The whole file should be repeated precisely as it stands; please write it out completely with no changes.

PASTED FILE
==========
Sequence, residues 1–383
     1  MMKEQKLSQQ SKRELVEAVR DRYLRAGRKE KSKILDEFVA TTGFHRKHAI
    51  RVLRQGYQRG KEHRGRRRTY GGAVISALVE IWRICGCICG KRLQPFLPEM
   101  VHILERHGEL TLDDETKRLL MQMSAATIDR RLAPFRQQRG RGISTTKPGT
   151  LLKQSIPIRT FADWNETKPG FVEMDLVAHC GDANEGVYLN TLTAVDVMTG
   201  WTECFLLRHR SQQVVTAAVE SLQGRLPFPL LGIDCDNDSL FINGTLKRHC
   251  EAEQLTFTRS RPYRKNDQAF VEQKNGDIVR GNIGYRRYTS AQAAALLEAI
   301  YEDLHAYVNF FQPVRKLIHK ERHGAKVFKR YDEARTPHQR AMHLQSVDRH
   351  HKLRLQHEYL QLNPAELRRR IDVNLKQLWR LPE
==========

Sequence, residues 1–383
     1  MMKEQKLSQQ SKRELVEAVR DRYLRAGRKE KSKILDEFVA TTGFHRKHAI
    51  RVLRQGYQRG KEHRGRRRTY GGAVISALVE IWRICGCICG KRLQPFLPEM
   101  VHILERHGEL TLDDETKRLL MQMSAATIDR RLAPFRQQRG RGISTTKPGT
   151  LLKQSIPIRT FADWNETKPG FVEMDLVAHC GDANEGVYLN TLTAVDVMTG
   201  WTECFLLRHR SQQVVTAAVE SLQGRLPFPL LGIDCDNDSL FINGTLKRHC
   251  EAEQLTFTRS RPYRKNDQAF VEQKNGDIVR GNIGYRRYTS AQAAALLEAI
   301  YEDLHAYVNF FQPVRKLIHK ERHGAKVFKR YDEARTPHQR AMHLQSVDRH
   351  HKLRLQHEYL QLNPAELRRR IDVNLKQLWR LPE